Now, Now is concerned with questions of time and memory: how our perceptions are shaped, moment by moment, within the continuous meeting of past and future—of what happened, and what has not yet happened, but will.
Jennifer Maier is professor of English at Seattle Pacific University and associate editor of the arts quarterly IMAGE.<./I> Her other poetry collection Dark Alphabet won the Crab Orchard Review Series in Poetry First Book Award and was named one of the Ten Remarkable Books of 2006 by the Academy of American Poets. Maier’s poetry has appeared in numerous literary journals, including Poetry, New Letters, Smartish Pace, American Poetry Review, and has been featured on Public Radio International’s The Writer’s Almanac.
“Nothing gets by the poet Jennifer Maier, whether it be the oddness of celebrating the New Year instead of mourning the old or the way the smell of frying bacon can evoke a Depression era drama between neighbors or how what she calls ‘a life of ordinary good’ can be lost in an instant. Her poems capture the essence of their subjects with the wit and style of a lucid and profoundly merciful intelligence. She sees again and again into the flawed heart of things, even into her own heart, and offers an understanding that is like forgiveness.”—Mark Jarman
“What a rare joy it is to linger in the lucid, transcendent worlds of Jennifer Maier’s poems. In taut, precise language and lapidary images, Now, Now explores myriad pathways of connection, the ways desire, longing, and imaginative possibility brush up against the everyday, revealing a keen, fiercely compassionate intelligence—a sensibility so finely attuned and so clearly in love with the world that you would follow it almost anywhere.”—Rick Hilles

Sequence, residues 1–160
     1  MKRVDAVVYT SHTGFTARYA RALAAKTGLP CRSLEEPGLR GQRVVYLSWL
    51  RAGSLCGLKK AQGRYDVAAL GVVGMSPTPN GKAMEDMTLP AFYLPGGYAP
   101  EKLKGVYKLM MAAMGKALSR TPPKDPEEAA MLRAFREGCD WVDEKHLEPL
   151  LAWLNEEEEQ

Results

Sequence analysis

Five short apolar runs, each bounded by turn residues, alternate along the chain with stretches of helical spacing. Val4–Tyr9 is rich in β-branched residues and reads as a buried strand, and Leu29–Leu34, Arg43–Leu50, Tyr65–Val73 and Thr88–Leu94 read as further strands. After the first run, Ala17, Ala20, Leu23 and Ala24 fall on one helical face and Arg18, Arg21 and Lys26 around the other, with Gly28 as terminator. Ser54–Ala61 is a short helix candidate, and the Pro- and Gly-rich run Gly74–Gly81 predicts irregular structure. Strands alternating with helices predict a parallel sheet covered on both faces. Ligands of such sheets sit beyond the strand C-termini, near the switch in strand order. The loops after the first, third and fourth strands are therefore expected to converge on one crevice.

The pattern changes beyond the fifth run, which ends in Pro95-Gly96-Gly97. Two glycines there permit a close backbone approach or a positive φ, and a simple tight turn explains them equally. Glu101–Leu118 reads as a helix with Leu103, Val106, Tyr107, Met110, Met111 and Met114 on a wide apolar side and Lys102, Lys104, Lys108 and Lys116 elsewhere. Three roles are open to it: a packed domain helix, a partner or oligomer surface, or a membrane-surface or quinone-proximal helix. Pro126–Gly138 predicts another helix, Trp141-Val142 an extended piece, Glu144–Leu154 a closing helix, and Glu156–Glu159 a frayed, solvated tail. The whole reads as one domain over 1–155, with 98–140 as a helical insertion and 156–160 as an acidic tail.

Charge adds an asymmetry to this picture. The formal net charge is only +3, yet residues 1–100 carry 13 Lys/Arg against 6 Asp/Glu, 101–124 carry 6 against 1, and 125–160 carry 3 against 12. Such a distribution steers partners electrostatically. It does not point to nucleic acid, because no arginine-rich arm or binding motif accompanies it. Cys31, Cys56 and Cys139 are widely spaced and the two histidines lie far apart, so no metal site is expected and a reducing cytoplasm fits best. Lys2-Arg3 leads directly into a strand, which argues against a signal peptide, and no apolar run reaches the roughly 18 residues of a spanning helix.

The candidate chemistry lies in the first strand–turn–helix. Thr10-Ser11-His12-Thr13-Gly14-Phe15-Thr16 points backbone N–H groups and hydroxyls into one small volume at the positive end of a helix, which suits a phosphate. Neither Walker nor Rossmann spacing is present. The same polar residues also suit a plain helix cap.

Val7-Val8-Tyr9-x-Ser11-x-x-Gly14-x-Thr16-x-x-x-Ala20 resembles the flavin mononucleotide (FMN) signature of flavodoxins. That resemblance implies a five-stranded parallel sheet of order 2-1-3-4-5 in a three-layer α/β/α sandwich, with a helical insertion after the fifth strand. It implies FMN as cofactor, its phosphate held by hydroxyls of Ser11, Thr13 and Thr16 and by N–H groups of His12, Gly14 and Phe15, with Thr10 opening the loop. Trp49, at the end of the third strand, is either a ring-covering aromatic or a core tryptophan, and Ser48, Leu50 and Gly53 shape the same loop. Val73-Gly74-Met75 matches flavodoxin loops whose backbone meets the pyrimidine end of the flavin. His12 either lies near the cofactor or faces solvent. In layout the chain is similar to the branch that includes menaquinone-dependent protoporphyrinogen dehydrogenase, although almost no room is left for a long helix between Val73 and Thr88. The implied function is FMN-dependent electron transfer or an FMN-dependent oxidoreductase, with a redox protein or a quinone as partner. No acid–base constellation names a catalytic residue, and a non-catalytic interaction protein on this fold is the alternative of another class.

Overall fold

“Now, Now is a collection dwelling in possibility, where memory works forward as well as back, turning time into a ‘collapsible cup,’ and where clarity of impassioned thought coexists in uncanny relation to ambiguity of meaning. With remarkable grace and wit, Maier brings to light the seen and the unseen; and with a coolness of tone possessing unmistakable authority she transforms glimpses and impressions into images and metaphors that carry us into the heart of things.”—Phillis Levin
In Now, Now, Jennifer Maier's second poetry collection, time is of the essence.
Moving with quantum ease through the porous membranes of the past, present, and future, the speaker wonders: What is each moment but the swirling confluence (or shy first meeting) of past and future—of what happened, and what-has-not-yet-happened but will?
Such phenomenological questions are sparked by ordinary events: a friend's passion for jigsaw puzzles; an imagined conversation with a neighbor's dog; a meditation on the uses of modern poetry. Here, in language at once elegant and agile, intimate and universal, the author probes beneath the surface of happenstance, moving with depth, humor, and compassion into the heart of our shared predicament: that of loving what we cannot keep.
But if time in these poems is relative, it bends toward grace—even, as the title suggests, towards consolation. Taken together, the poems invite us to raise a glass to the way we're each "held light and golden in Time's mouth," and to savor something of the eternal—distilled, sparkling, already lost—inside every now.